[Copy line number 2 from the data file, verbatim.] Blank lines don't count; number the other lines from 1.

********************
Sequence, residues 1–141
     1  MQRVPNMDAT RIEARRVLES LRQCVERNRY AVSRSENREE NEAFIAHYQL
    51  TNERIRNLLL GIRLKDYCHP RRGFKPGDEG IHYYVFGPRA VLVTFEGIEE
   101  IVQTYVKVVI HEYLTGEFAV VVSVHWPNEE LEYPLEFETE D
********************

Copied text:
     1  MQRVPNMDAT RIEARRVLES LRQCVERNRY AVSRSENREE NEAFIAHYQL